First comprehensive portal to track international capacity development support for forest monitoring
Improved information on forests vital for stronger climate actions27 January 2020, Rome - The Global Forest Observations Initiative (GFOI) today launched a portal - the first such comprehensive platform - to track international capacity development support to developing countries in forest monitoring for climate action. The portal - the GFOI Inventory of Activities - is a one-stop shop with easy-to-access information on more than 400 forest monitoring activities in 70 developing countries across Africa, Asia and the Pacific, Latin America and the Caribbean. Users can search for information by country or region, by type of forest monitoring activities, and by donors. "Collecting and disseminating better information on forests is vital for countries and the international community's efforts to take targeted and effective action on climate change," said Hiroto Mitsugi, FAO Assistant Director-General for Forestry.
The portal will help governments and donors identify gaps, share resources, avoid overlaps and explore opportunities for new partnerships to better address the challenges countries face as they develop their National Forest Monitoring Systems. The portal is a milestone in the GFOI partnership. It was designed and populated by the partners leading the initiative including: Australia, Germany, Norway, the United Kingdom, the United States' SilvaCarbon Programme, the International Committee on Earth Observation Satellites (CEOS), the European Space Agency (ESA), FAO and the World Bank. The platform will be maintained by the GFOI Office, hosted by FAO, with funding from Australia and Norway.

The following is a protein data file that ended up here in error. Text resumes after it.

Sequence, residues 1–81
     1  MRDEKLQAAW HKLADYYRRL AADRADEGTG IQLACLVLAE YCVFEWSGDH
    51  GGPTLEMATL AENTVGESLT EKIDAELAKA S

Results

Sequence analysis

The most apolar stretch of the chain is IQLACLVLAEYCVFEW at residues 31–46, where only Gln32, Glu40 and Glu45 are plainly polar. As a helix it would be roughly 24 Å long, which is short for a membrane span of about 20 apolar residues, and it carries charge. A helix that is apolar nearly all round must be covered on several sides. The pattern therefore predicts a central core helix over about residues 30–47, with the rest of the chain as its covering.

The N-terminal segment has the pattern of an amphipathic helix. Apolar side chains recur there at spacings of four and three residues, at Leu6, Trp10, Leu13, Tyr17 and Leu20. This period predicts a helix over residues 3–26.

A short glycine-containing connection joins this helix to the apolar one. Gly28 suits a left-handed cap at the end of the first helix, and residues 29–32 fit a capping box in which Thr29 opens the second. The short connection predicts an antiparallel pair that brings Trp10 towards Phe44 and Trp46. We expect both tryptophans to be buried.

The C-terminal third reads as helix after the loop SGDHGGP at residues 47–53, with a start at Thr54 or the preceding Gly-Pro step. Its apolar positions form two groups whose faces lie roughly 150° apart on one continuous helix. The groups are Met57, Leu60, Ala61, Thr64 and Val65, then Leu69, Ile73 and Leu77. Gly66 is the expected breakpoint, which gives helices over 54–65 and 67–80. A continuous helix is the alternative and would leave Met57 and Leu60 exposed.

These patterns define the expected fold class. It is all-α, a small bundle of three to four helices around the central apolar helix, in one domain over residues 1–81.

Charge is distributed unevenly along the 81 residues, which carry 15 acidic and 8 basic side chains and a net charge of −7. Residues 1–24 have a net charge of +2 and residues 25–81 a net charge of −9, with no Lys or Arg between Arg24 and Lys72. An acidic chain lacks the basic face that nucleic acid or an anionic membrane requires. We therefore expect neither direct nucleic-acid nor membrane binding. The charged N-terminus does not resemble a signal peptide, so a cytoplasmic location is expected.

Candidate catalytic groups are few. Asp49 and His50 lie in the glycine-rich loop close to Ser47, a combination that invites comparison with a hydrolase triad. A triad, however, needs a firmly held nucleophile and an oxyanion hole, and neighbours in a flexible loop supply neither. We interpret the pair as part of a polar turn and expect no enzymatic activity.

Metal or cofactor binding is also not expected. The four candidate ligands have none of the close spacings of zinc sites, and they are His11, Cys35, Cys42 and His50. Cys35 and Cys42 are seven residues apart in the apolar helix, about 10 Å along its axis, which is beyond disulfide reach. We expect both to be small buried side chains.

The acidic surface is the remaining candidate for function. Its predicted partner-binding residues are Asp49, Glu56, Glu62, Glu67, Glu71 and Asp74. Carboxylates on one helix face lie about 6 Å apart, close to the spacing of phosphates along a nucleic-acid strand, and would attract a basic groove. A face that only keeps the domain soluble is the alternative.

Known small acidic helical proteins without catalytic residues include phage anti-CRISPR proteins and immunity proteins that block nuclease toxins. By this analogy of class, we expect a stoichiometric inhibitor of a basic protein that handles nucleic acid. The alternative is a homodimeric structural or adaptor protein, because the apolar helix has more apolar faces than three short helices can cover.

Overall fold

The portal displays information from the world's leading forest monitoring development partners, including national governments, development practitioners, space agencies and forestry experts.
It is an example of successful collaboration and open information sharing, which is essential in an era of global climate change as big geospatial data and other diverse and usable information becomes increasingly available.
Why is forest monitoring important?Countries face mounting pressures to deliver up-to-date and transparent information on forests and greenhouse gas emissions that meet internationally established goals and targets, including those established by the Paris Agreement on climate change and the 2030 Agenda for Sustainable Development, especially the achievement of the Sustainable Development Goals, in particular SDG 1 3 and 15 .
Developing countries are working to build national forest monitoring systems that integrate the latest technologies in remote sensing and ground-based observations to monitor changes in the extent and condition of forests.Tropical deforestation and forest degradation make a significant contribution to climate change. According to the IPCC Climate Change and Land Report (August 2019), forestry and land use accounts for about 13 percent of the total net human-induced Carbon Dioxide (CO2) emissions. Most of these emissions result from deforestation and forest degradation.
However, afforestation, sustainable forest management and reducing deforestation make forests one of the most cost-effective and immediate solutions to curb climate change as forests remove large amounts of carbon from the atmosphere as they grow.
View of a tropical forest in Indonesia.